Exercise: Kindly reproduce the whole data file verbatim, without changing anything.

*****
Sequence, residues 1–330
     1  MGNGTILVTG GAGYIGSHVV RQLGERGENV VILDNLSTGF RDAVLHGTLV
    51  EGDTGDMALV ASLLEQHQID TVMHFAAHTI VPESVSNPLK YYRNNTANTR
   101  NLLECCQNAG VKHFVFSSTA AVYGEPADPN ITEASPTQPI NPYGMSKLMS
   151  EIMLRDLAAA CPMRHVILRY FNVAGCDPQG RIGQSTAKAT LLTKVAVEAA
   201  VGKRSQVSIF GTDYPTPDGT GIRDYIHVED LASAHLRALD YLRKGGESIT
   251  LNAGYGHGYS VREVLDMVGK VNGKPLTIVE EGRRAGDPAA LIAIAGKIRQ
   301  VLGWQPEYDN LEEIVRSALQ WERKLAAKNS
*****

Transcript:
Sequence, residues 1–330
     1  MGNGTILVTG GAGYIGSHVV RQLGERGENV VILDNLSTGF RDAVLHGTLV
    51  EGDTGDMALV ASLLEQHQID TVMHFAAHTI VPESVSNPLK YYRNNTANTR
   101  NLLECCQNAG VKHFVFSSTA AVYGEPADPN ITEASPTQPI NPYGMSKLMS
   151  EIMLRDLAAA CPMRHVILRY FNVAGCDPQG RIGQSTAKAT LLTKVAVEAA
   201  VGKRSQVSIF GTDYPTPDGT GIRDYIHVED LASAHLRALD YLRKGGESIT
   251  LNAGYGHGYS VREVLDMVGK VNGKPLTIVE EGRRAGDPAA LIAIAGKIRQ
   301  VLGWQPEYDN LEEIVRSALQ WERKLAAKNS